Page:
With COVID-19 vaccines rolling out, many people are shifting their worries to the economy and how to recover from the state that it has been left in – with numerous local and regional industries gutted after this past summer.
“Until we start working together and work together to make sure that we keep the pandemic down while the vaccine is coming in, we’re not going to be able to rebuild this economy for quite some time,” John Dickert of the Alliance for Regional Development in a Great Lakes Now interview.
Watch Great Lakes Now’s segment on COVID-19 and the economy here:API key not valid. Please pass a valid API key.
Even as recovery happens however, it is not looking to be an even journey for all sectors of communities. The University of Michigan Research Seminar for Quantitative Economics forecasted that recovery will be faster in higher-wage industries, just as employment has held up better in higher-wage industries.
“The COVID-19 recession thus appears to be driving a substantial increase in income inequality,” the report stated.
But COVID-19 also led to some unexpected developments. Sales of outdoor sports equipment spiked as interest in outdoor recreation shot up as well.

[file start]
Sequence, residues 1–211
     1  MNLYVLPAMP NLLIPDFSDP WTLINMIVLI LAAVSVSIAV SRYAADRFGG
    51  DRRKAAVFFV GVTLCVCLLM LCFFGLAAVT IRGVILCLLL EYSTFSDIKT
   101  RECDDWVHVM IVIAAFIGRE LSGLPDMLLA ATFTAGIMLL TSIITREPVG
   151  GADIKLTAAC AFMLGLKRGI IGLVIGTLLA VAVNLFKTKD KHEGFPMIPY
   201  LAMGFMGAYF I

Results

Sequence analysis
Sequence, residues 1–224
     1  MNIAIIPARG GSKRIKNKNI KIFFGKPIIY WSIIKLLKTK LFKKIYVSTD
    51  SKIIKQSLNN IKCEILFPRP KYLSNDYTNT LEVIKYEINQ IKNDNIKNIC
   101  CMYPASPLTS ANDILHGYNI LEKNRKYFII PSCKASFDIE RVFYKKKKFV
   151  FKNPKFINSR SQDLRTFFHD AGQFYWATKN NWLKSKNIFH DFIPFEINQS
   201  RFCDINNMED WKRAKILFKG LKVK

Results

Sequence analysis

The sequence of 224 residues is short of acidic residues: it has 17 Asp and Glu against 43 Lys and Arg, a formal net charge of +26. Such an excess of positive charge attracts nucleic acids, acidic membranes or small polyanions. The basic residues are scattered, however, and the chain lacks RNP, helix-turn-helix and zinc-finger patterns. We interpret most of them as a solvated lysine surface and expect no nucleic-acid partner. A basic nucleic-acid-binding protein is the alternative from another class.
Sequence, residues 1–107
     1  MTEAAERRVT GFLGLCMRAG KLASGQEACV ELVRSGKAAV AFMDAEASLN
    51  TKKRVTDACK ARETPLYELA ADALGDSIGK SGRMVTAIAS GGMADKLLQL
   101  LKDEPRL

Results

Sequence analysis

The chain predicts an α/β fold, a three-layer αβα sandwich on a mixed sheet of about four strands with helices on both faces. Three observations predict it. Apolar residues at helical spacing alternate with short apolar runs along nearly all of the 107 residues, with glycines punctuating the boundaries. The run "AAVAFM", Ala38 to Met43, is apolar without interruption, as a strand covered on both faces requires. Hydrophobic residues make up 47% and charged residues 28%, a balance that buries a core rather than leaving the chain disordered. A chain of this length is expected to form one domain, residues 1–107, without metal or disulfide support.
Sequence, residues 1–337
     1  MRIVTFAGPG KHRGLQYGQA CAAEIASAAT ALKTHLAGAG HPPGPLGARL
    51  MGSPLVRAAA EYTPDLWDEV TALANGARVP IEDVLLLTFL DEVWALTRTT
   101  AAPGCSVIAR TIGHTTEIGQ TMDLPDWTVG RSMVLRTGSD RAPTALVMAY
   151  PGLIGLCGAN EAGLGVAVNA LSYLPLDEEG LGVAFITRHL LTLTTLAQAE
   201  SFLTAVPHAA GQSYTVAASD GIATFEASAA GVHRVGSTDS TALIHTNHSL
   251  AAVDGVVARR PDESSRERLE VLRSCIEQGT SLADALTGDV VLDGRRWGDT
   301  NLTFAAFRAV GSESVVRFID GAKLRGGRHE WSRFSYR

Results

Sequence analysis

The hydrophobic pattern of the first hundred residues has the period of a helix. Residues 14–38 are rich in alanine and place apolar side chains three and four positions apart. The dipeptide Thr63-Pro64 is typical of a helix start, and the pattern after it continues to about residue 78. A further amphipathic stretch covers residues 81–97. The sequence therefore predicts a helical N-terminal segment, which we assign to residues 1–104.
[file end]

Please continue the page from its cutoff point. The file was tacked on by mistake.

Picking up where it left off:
Bicycle sales increased 63% in June 2020 compared to the year before, paddle sports equipment sales increased 56% and camping equipment increased 31%, according to a report from the NPD Group
Great Lakes national parks saw swathes of new visitors. Indiana Dunes National Park, right at the tip of Lake Michigan, saw a 34% increase in attendance in August, compared to the same time last year.
Watch Great Lakes Now‘s segment on the increase in visitors at national parks here:API key not valid. Please pass a valid API key.
Already some industries are seeing signs of a similar winter boom.
“I had a record October,” Jeff Swanson, owner of Don Orr Ski Haus in Traverse City, told Bridge Michigan in a story on a potential increased interest in skiing. “It’s tough to say, but I think the reality is anybody in the outdoor industry right now is experiencing a surge in sales because everyone wants to be outside.”
Here is some other Great Lakes Now work on the COVID-19’s impact on the region:
Featured image: COVID-19 immunizations began on Dec. 15, 2020. (Photo from Province of British Columbia via Flickr, CC BY-NC-ND 2.0)